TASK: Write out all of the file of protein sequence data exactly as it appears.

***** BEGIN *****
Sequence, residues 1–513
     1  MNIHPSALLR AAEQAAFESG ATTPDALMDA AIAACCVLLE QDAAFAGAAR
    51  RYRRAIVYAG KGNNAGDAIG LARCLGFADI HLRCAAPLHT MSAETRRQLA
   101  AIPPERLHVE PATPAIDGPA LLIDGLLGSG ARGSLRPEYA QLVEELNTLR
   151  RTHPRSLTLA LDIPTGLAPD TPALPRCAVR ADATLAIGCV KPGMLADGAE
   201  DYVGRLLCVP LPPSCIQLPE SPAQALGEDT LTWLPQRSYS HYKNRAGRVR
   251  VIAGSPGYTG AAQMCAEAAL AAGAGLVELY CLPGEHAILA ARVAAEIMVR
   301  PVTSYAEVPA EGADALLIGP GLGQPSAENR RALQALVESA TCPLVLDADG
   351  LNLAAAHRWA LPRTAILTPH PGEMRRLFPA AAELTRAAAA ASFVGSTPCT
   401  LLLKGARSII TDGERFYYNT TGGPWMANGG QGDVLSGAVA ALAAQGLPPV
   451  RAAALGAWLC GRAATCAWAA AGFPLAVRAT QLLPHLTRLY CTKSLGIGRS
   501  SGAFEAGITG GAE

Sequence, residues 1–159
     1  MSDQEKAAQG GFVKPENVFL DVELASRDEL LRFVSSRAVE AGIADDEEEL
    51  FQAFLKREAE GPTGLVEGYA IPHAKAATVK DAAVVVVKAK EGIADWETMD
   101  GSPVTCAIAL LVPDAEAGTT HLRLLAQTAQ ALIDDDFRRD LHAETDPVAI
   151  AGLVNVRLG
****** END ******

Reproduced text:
Sequence, residues 1–513
     1  MNIHPSALLR AAEQAAFESG ATTPDALMDA AIAACCVLLE QDAAFAGAAR
    51  RYRRAIVYAG KGNNAGDAIG LARCLGFADI HLRCAAPLHT MSAETRRQLA
   101  AIPPERLHVE PATPAIDGPA LLIDGLLGSG ARGSLRPEYA QLVEELNTLR
   151  RTHPRSLTLA LDIPTGLAPD TPALPRCAVR ADATLAIGCV KPGMLADGAE
   201  DYVGRLLCVP LPPSCIQLPE SPAQALGEDT LTWLPQRSYS HYKNRAGRVR
   251  VIAGSPGYTG AAQMCAEAAL AAGAGLVELY CLPGEHAILA ARVAAEIMVR
   301  PVTSYAEVPA EGADALLIGP GLGQPSAENR RALQALVESA TCPLVLDADG
   351  LNLAAAHRWA LPRTAILTPH PGEMRRLFPA AAELTRAAAA ASFVGSTPCT
   401  LLLKGARSII TDGERFYYNT TGGPWMANGG QGDVLSGAVA ALAAQGLPPV
   451  RAAALGAWLC GRAATCAWAA AGFPLAVRAT QLLPHLTRLY CTKSLGIGRS
   501  SGAFEAGITG GAE

Sequence, residues 1–159
     1  MSDQEKAAQG GFVKPENVFL DVELASRDEL LRFVSSRAVE AGIADDEEEL
    51  FQAFLKREAE GPTGLVEGYA IPHAKAATVK DAAVVVVKAK EGIADWETMD
   101  GSPVTCAIAL LVPDAEAGTT HLRLLAQTAQ ALIDDDFRRD LHAETDPVAI
   151  AGLVNVRLG